“Well, I had just a few correspondents. You know, Jukl and Krčméry printed their own stuff. Tóno Selecký had his own material, too. Thus I recorded the broadcasting of the Voice of America, Radio Free Europe and Vatican Radio. Only these three radio stations. And then I would choose the best material. At first I recorded it on the tape, but, you know, they usually interrupted it, so I had to write suspension points there. Even though I played it ten times, I couldn’t understand it. Later, Jukl advised me, because he was also my spiritual leader, he said, ‘Well, don’t write suspension points there, it doesn’t look good. What will the readers think about it? Nobody will think it could be an interruption. Just finish the sentence somehow; it only has to be complete and make sense. Add some words or delete what you think can be deleted to maintain the original meaning.’ Everything was just up to me. I sat at my desk and wrote; at first I copied the entire material and put it together by myself.”

Reproducing the Samizdat

Ivan Polanský - Reproducing the Samizdat (data format Flash Video)

“In our three-room flat there we had a living room, children’s bedroom and our bedroom in the rear. I used to make copies in our children’s bedroom. At first an older lady, who we considered to be serious, lived in the block of flats. Later a young girl came to live there, and even though she was polite to us, I became suspicious of her. I closed the door of our bedroom and children’s room was in the middle right behind the living room. Our living room led to the hall, then to the kitchen and out. Above us there lived husband and wife, who had two sons and a daughter. Their children were almost adult. At least their oldest son was. And both father and son were militia members. It was very dangerous for me. I thought about what to do in a situation like this. So I usually turned the radio on in children’s bedroom, some music or news, or whatever. Sometimes it was broadcasted in foreign language, but I didn’t mind it, I only wanted to cover my activities. I didn’t know whether it helped or not, but I usually did it in this way. Later, when we had so many activities that people who used to help me couldn’t keep up, you know, they had families, children and their own duties, and they didn’t cope with putting the material together. Thus I moved my copy room to one of the houses. There was one floor with I don’t know how many rooms and a garret. My work room was in the garret. The problem was that people knew me well from the militia’s lectures and a lot of women knew me as well, so they started to ask, ‘Why does Polanský visit you so often?’ It was a real trouble again. And they had to made excuses: ‘He goes to our house to watch our children.’ You know, they had four children, if I am not mistaken. ‘He looks after our children.’ However, we couldn’t do that endlessly.”


Ivan Polanský - Arrest (data format Flash Video)

“They introduced themselves, but I can’t remember how. They only told in short that they came. They didn’t even mention any house search. However, when I saw how many of them were entering my house, I knew it had already come out into the open. At first they sat down and then searched my house. The search lasted, I don’t know, from lunchtime. It was about, I think, November or so, November 4 and they finished the search at three o’clock in the morning. We left our house at three and they drove me to Banská Bystrica. I think they didn’t even slapped handcuffs on me, because I was ill. ‘I hope you won’t escape.’ And I responded, ‘No, I don’t want to do that and also I can’t.’ Moreover, they were armed. Behind us there were some cars with men authorized to shoot. I said, ‘I can evaluate my situation. Actually, I expected that you would come one day.’ Hyža sat at the front seat, I sat in the rear between the two men, and he suddenly turned his head, ‘Did you really expect it?’ I said, ‘Of course, I did.’ And I remember some more details. I know he was so surprised that his eyes popped. ‘Did you expect us?’ ‘Sure, you couldn’t conceal it, especially as it was such a big operation.’”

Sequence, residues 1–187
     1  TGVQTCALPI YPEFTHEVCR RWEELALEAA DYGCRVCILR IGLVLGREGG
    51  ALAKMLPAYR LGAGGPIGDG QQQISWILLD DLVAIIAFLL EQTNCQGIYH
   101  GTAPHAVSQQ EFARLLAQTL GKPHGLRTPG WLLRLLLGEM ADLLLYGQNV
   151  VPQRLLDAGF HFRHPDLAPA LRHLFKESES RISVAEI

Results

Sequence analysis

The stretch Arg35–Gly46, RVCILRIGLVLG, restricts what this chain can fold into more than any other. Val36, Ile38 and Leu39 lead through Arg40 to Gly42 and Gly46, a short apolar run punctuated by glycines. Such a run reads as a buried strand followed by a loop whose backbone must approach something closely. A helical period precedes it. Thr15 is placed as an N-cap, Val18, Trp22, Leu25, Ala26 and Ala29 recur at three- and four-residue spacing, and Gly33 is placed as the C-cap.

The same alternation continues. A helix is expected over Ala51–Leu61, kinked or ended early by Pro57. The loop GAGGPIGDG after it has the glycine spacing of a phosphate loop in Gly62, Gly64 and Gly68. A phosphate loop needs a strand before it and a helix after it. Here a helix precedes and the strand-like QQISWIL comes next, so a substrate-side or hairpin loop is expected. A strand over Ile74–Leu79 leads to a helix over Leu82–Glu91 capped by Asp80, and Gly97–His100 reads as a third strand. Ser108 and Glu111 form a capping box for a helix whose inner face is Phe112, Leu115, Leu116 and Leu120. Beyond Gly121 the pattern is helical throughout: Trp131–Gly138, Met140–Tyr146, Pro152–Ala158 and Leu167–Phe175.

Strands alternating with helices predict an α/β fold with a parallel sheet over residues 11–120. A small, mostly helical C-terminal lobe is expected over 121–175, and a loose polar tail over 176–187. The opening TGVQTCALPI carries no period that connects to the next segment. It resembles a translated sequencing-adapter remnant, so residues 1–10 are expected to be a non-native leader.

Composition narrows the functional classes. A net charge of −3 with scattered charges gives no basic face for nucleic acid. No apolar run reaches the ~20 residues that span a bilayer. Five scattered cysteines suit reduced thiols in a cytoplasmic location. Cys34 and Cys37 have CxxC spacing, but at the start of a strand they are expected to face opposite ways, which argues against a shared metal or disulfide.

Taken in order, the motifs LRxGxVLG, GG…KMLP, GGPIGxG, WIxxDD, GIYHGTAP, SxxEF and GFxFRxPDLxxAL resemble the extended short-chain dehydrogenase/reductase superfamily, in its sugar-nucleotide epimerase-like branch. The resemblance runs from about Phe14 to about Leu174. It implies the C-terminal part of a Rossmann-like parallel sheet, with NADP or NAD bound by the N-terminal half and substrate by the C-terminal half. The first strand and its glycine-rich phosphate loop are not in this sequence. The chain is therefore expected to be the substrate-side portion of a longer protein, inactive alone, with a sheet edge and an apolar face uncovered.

In Prison

Ivan Polanský - In Prison (formát Flash Video)

“I spent a long time in a cell, I estimate two or three weeks, and only then I was allowed to go for a walk. But we could walk only in some room, I would say. It wasn’t a room. Actually, it was a cage placed in the yard, so we were like some beasts in the cage. We walked around there; it was a space approximately six metres by six. There was also a guard watching us; however, we were glad to be in the open air. I gradually started to spread God’s word. [My cellmates] saw me praying. ‘Why are you praying? How are you doing it?’ I said, ‘Look, boys, you did what you did, I don’t ask you anything. I am a political prisoner, that’s different, I knew what I was doing I could expect that once it would come out into the open. And I have never been afraid.’ Then, when I spoke openly with them, they started to unload their troubles to me, too.”

Political Prisoners’ Life Stories

Ivan Polanský - Political Prisoners’ Life Stories (data format Flash Video)

“I experienced such situation; even now I am on the verge of tears, it was when the old political prisoners met and embraced each other. You know, they hadn’t met for years. They had feared to meet, but when the regime changed, they finally found each other somehow. Either at a meeting or…I personally experienced it more times. They were [imprisoned] for example in Jáchymov. Fortunately, I didn’t experience it, it was in the early years of building communism and it was very cruel. Colloquially speaking, I had a real comfort in the prison. That time the State Security had already known that the situation was on the bad way, so they didn’t do such tight reprisals. But these old political prisoners were given ten or fifteen years for doing nothing, for example for not delivering quotas from their crops and the like. Or just for saying something. It sufficed to say, ‘I listened to,’ for example, ‘Western radio broadcasting.’ And they were given five or ten years; just because they said that they had listened to some radio before somebody who didn’t hesitate to peach on them for gain. And the forced labour not only in Jáchymov, but everywhere, in coal mines, the hard labour camps, also at dams, where they built their foundations; it was the hardest work ever. Many prisoners managed to survive, but, unfortunately, many of them died.”

The story and videoclips of this witness were put together and published thanks to the financial support of EU within the programme Europe for Citizens – Active European Remembrance.